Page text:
Unit 3 of Belgium’s Doel NPP was shut down earlier this year in accordance with the 2003 Belgian law on nuclear phase-out, and work to prepare the reactor for dismantling has now begun and can continue in line with a ruling from the Brussels Court of First Instance.

However, Vinçotte Nuclear (AVN), a non-profit organisation, had argued that dismantling the plant violates EU law as no environmental impact assessment (EIA) report has been published. The group filed a summary proceeding to stop the work until an assessment and report have been completed.

Plant operator Engie-Electrabel and the Federal Agency for Nuclear Control (FANC), however, argued that works taking place at Doel 3 are not part of the dismantling reactor but of the post-operational phase (POP), which is when power generation ceases but dismantling is yet to begin, a phase lasting approximately five years. The Brussels Court of First Instance on 15 November ruled that the work could continue and that an EIA was not necessary in the context of the current activities.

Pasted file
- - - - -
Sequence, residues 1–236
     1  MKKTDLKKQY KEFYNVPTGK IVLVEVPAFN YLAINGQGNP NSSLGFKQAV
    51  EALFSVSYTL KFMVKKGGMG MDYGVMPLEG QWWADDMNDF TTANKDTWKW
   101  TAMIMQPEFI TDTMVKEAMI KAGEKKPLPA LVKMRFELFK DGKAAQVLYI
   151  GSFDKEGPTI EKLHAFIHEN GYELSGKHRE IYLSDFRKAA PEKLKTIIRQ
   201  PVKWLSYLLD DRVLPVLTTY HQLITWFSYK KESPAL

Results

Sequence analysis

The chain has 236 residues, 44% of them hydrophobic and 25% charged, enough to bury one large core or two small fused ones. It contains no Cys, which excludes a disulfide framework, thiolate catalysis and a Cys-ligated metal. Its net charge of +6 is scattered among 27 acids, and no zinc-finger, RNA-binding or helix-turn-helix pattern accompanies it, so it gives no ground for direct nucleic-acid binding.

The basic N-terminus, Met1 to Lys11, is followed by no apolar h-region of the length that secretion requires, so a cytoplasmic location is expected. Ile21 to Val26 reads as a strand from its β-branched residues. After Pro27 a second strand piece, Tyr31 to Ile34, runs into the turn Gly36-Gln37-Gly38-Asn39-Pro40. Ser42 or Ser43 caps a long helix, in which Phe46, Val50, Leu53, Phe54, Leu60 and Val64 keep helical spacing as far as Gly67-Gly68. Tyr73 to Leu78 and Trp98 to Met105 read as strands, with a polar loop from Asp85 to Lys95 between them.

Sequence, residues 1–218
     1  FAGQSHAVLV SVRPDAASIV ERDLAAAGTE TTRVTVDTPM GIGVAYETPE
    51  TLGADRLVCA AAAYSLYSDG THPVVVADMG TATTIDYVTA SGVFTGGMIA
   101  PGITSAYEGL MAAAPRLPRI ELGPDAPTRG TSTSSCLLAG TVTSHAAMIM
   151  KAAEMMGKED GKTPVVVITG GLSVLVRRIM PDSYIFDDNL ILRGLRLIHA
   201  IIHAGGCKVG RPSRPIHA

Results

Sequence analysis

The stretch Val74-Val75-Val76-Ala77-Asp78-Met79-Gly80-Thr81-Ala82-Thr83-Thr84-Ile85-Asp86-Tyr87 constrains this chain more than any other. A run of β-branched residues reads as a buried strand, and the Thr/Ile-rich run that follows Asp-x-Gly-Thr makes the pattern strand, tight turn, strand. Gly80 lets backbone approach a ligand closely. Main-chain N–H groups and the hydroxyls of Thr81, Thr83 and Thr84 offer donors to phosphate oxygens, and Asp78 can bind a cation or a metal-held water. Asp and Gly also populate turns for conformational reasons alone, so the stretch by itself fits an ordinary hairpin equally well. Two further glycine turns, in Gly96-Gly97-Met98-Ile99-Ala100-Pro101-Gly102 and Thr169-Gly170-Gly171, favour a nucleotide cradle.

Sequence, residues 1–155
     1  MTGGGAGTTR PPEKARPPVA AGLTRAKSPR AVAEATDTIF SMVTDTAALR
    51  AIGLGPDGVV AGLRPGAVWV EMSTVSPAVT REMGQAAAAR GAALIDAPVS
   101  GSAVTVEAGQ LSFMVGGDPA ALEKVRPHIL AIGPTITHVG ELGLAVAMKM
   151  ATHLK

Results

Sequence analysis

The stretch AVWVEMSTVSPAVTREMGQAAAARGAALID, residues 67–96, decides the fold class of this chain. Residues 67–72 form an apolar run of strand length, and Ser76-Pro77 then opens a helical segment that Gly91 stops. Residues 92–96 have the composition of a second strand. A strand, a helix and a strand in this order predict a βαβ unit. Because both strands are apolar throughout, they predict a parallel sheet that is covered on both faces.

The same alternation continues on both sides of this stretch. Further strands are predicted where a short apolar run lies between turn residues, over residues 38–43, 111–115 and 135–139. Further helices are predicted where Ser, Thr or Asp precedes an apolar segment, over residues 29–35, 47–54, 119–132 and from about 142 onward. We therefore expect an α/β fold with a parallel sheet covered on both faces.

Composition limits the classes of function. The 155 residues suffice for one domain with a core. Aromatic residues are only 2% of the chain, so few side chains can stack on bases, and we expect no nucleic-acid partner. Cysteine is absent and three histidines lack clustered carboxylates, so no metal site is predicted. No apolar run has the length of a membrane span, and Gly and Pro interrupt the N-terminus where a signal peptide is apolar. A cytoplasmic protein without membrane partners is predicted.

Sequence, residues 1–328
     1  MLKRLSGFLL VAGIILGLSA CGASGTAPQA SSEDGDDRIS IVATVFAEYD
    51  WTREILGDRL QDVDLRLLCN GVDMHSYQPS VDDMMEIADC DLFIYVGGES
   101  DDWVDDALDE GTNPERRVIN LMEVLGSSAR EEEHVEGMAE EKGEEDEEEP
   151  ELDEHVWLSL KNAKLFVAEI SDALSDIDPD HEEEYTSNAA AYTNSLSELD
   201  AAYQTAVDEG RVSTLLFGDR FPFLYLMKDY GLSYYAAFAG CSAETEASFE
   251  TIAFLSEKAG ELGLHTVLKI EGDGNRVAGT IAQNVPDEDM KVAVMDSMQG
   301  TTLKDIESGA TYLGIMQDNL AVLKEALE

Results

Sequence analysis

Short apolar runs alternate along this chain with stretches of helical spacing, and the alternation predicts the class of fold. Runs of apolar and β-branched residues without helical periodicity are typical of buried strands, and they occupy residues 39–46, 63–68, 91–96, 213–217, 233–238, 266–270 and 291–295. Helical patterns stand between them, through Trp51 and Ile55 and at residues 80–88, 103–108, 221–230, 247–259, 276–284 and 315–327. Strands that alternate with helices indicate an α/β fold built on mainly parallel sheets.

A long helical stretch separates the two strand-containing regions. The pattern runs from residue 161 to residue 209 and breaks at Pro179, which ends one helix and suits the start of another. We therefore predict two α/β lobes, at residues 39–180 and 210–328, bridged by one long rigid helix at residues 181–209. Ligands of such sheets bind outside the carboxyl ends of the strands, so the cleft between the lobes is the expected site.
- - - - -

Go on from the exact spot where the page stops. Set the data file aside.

According to the court, the 2003 Belgian law was not covered by the 2011 EU directive on the assessment of the effects of certain projects on the environment but by the 1985 directive on EIAs, which stipulates that the directive does not apply to projects covered by a specific national law. It also found that the Belgian nuclear phase-out law covers Doel 3 and states it cannot be considered a project under the most recent EIA directive, which defines a project as “the execution of construction works or other installations or schemes, [or] other interventions in the natural surroundings and landscape.” AVN is expected to appeal this decision.

Image: The Doel nuclear power plant in Belgium (courtesy of Electrabel)